NORTH KINGSTOWN – The North Kingstown Finance Director, Jim Lathrop, issued the first fiscal year 2020 budget report to the town council, showing a projected surplus of more than $1.5 million. 

While the budget report shows the town to be in good standing financially, Lathrop said that it was still “extremely early” in the fiscal year, which started only a couple months ago.

“This report is the first report of fiscal year 2020 and covers the first quarter,” Lathrop wrote in his report. “It is extremely early in the fiscal year, and projections could change significantly. At this time, we are projected a surplus of $1.7 million.”

During the town council meeting on Monday, Lathrop further explained the first quarter numbers, adding that, while the surplus sounded like a lot, it was less than 2 percent of the budget. 

“The first couple months we don’t report, because it’s so early,” he said. “Overall we’re projecting a $1.7 million surplus. That sounds like a lot, but it’s about 1.5 percent, 1.7 percent. It’s still really small and there can be big fluctuations.”

The surplus, he said, was related to revenue exceeding budgeted amounts in several areas.

“Again, as normal for the last few years, it’s all related to revenue,” Lathrop said. “We’re exceeding our budgeted revenues. A lot of it is to police detail, interest income and the code enforcement. There’s a lot of development going on in town so you see the fees going up significantly.” 

Police detail revenue is projected to be $250,000 over budget, while in the town clerk office, fees from recording and transfers are projected to be $125,000 above budgeted amounts. 

Finance has also shown some one-time income and interest projections as being above budget, with a combined impact of $300,000.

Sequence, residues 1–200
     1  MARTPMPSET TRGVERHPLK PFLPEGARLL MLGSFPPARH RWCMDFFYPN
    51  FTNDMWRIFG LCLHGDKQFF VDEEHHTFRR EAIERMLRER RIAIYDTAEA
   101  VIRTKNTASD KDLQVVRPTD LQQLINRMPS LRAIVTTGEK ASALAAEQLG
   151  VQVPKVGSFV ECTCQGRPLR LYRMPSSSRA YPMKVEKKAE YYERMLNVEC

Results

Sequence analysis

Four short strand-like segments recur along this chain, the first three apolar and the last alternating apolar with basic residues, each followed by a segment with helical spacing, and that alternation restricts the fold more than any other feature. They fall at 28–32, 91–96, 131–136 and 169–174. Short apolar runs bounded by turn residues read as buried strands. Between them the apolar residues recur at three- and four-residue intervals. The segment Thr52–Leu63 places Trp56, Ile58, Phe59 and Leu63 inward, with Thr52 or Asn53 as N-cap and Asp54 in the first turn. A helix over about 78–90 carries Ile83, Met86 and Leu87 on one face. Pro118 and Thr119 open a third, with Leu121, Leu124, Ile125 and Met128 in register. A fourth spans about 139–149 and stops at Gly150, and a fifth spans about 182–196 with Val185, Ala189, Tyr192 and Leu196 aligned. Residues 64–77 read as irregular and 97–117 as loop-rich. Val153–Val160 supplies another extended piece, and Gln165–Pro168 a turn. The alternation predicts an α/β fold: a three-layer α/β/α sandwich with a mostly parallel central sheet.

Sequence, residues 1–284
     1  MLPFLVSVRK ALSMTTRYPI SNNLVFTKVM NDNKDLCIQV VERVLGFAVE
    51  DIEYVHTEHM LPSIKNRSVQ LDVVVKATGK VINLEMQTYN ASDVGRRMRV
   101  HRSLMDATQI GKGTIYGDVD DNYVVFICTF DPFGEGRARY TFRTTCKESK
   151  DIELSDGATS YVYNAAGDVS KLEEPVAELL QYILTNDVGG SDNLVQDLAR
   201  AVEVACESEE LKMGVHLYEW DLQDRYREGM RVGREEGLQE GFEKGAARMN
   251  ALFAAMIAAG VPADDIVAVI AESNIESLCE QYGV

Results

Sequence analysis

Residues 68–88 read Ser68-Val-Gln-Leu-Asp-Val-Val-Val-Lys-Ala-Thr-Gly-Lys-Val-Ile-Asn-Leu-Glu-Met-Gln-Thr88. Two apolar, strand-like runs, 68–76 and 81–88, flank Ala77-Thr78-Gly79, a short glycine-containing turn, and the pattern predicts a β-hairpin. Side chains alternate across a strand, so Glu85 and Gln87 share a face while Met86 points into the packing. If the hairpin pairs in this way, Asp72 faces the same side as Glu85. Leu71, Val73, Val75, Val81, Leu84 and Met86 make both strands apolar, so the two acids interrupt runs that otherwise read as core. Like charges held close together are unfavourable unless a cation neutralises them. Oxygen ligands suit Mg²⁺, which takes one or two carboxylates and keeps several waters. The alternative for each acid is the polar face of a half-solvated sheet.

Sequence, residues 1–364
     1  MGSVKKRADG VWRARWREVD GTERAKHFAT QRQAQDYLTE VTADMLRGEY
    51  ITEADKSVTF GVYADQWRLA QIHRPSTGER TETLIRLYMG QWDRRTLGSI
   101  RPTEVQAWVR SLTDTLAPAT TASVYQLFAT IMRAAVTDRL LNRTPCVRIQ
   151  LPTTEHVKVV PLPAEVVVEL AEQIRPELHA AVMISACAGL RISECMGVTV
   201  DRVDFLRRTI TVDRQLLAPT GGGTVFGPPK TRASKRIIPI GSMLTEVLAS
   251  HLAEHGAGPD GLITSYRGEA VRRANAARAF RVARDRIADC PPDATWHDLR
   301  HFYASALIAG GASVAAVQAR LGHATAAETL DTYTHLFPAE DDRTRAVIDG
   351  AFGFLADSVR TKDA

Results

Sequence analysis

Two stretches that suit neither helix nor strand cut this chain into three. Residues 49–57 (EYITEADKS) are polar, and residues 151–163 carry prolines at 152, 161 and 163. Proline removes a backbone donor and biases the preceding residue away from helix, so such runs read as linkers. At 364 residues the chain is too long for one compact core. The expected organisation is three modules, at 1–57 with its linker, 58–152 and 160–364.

And finally, fees from the building department are projected to be $105,000 above budget. 

Current year tax revenues, Lathrop added, were also running ahead of previous years. 

“This is a result of the continued efforts by our tax department,” Lathrop said. “As a result, we see a decline in collection of previous years’ taxes.” 

While revenues are exceeding expectations, the town’s expenditures are running below budget due to wages, benefits and insurances.  

“On the expenditure side, we see several departments below budget,” he said. “This includes town manager, finance, police and fire. Most is due to wages and benefits, while in finance it is related to insurances.” 

Wages overall are in line with budgeted amounts, Lathrop continued. 

“We are projecting overages in police detail and code enforcement, but these are directly related to increases in revenue from detail and inspection fees,” he said.  

On top of everything else, Lathrop also said that the town was in a “good cash position,” with nearly $39 million on hand as of Sept. 30. However, because the town transferred all school-related funds to the school department and is no longer in control of reconcile accounts, the cash balance does not reflect funds held by the school. 

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